SPECIAL INTEREST MATTERS Tuesday 15 October, 2019
Ms FORREST - Mr President, I was caught up in a demonstration outside Parliament House this morning when I was already running late after having some medical assessments and then having my driveway blocked by a builder from next door. Feeling somewhat frustrated I got caught up in the protest outside, which denied my access to the building, which we know is actually illegal. It was interesting because it gave me the opportunity to speak about what I am speaking about now, with the protesters there and the media in attendance. I will continue my presentation on the basis that I have already talked a bit about it.
Mishca Linden is a grade 8 student who has lived in Wynyard all her life. When Mishca learnt that a climate strike had not been organised for Wynyard, she organised and led the student climate strike in the Wynyard Cow Park, which was attended by many locals of all ages. I am going to relay much of what she said in her speech at the event because she said it well.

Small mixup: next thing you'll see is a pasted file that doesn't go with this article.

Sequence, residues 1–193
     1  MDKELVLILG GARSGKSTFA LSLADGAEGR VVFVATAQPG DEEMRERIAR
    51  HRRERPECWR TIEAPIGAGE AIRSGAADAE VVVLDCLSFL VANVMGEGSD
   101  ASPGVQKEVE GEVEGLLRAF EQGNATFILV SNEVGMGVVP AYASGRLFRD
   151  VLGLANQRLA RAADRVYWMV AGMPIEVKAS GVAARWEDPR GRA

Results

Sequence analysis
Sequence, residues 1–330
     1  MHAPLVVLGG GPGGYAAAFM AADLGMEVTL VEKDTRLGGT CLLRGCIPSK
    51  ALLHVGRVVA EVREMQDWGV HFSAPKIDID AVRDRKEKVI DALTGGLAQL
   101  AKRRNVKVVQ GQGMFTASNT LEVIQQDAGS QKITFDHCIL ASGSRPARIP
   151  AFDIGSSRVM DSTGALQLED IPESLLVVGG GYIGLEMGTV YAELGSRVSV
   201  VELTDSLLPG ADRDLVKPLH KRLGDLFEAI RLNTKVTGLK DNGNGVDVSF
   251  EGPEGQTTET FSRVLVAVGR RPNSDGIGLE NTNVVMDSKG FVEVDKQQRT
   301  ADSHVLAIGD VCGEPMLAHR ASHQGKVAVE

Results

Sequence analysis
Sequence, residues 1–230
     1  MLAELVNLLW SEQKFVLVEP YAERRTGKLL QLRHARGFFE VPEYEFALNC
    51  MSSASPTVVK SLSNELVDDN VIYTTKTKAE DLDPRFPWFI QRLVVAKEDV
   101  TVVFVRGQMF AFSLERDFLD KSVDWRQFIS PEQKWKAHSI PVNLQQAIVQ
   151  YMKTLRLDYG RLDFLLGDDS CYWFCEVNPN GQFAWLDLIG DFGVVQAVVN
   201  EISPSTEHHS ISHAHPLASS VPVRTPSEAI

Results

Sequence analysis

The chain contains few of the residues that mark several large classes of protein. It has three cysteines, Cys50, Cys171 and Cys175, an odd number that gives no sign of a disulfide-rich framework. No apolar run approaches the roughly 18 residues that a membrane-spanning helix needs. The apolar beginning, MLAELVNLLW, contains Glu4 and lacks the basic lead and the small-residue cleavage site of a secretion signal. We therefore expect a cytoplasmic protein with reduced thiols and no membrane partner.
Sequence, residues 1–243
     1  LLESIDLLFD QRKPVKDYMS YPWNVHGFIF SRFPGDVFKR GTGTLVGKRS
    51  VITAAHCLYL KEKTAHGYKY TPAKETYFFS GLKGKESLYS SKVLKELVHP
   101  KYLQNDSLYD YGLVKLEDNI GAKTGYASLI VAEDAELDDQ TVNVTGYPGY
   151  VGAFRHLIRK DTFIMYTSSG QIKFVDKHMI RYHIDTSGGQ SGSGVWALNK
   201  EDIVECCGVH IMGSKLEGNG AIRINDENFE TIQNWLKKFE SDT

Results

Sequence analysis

Mishca said -
I love growing up here because even though Wynyard is small, it's fun. I love swimming at the wharf with my friends in summer and swimming at Boat Harbour Beach. I like going to Wynyard High because I think we still get great opportunities even though we are a small high school.
This year I've been learning about a lot of things at school: volume and area in maths; the Plague and Vikings in history; landforms and Viking expansion in geography; and cell structures in science.
However, climate change wasn't something I learned as part of the regular curriculum. I started to learn about climate change when I was asked to make a short film for the Commissioner for Children and Young People on an issue that young people were worried about. My short film displayed the results of a survey I conducted on students at my school to see what they thought of climate change. I found out that teachers are the second biggest influence on what students thought about climate change, but only 29% of students said they been taught about climate change in school. I decided to learn more.